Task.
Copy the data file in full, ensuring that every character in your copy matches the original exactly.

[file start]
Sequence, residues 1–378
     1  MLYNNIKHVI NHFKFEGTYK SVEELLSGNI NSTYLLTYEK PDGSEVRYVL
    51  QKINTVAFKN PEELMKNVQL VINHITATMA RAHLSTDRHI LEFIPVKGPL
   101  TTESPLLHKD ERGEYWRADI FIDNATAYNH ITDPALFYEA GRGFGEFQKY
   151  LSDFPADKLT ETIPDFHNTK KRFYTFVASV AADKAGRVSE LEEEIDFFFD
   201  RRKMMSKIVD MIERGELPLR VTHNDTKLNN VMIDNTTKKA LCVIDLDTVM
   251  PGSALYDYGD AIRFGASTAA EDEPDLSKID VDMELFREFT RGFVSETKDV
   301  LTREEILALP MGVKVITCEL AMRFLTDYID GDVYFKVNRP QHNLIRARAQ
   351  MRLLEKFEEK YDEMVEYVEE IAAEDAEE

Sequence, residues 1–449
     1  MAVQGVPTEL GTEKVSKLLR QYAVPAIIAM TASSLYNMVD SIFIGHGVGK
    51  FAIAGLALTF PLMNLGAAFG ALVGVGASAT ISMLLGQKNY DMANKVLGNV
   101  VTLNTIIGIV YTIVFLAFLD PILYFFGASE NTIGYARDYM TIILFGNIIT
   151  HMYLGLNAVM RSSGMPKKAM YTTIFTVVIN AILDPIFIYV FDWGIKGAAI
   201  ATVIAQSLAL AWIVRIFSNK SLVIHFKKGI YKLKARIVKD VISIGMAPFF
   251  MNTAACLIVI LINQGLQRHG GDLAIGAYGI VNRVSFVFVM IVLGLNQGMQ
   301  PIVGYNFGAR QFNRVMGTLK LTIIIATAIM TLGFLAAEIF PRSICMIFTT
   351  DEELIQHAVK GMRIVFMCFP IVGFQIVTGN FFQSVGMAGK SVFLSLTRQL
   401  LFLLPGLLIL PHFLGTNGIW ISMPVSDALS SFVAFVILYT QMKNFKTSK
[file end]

Sequence, residues 1–378
     1  MLYNNIKHVI NHFKFEGTYK SVEELLSGNI NSTYLLTYEK PDGSEVRYVL
    51  QKINTVAFKN PEELMKNVQL VINHITATMA RAHLSTDRHI LEFIPVKGPL
   101  TTESPLLHKD ERGEYWRADI FIDNATAYNH ITDPALFYEA GRGFGEFQKY
   151  LSDFPADKLT ETIPDFHNTK KRFYTFVASV AADKAGRVSE LEEEIDFFFD
   201  RRKMMSKIVD MIERGELPLR VTHNDTKLNN VMIDNTTKKA LCVIDLDTVM
   251  PGSALYDYGD AIRFGASTAA EDEPDLSKID VDMELFREFT RGFVSETKDV
   301  LTREEILALP MGVKVITCEL AMRFLTDYID GDVYFKVNRP QHNLIRARAQ
   351  MRLLEKFEEK YDEMVEYVEE IAAEDAEE

Sequence, residues 1–449
     1  MAVQGVPTEL GTEKVSKLLR QYAVPAIIAM TASSLYNMVD SIFIGHGVGK
    51  FAIAGLALTF PLMNLGAAFG ALVGVGASAT ISMLLGQKNY DMANKVLGNV
   101  VTLNTIIGIV YTIVFLAFLD PILYFFGASE NTIGYARDYM TIILFGNIIT
   151  HMYLGLNAVM RSSGMPKKAM YTTIFTVVIN AILDPIFIYV FDWGIKGAAI
   201  ATVIAQSLAL AWIVRIFSNK SLVIHFKKGI YKLKARIVKD VISIGMAPFF
   251  MNTAACLIVI LINQGLQRHG GDLAIGAYGI VNRVSFVFVM IVLGLNQGMQ
   301  PIVGYNFGAR QFNRVMGTLK LTIIIATAIM TLGFLAAEIF PRSICMIFTT
   351  DEELIQHAVK GMRIVFMCFP IVGFQIVTGN FFQSVGMAGK SVFLSLTRQL
   401  LFLLPGLLIL PHFLGTNGIW ISMPVSDALS SFVAFVILYT QMKNFKTSK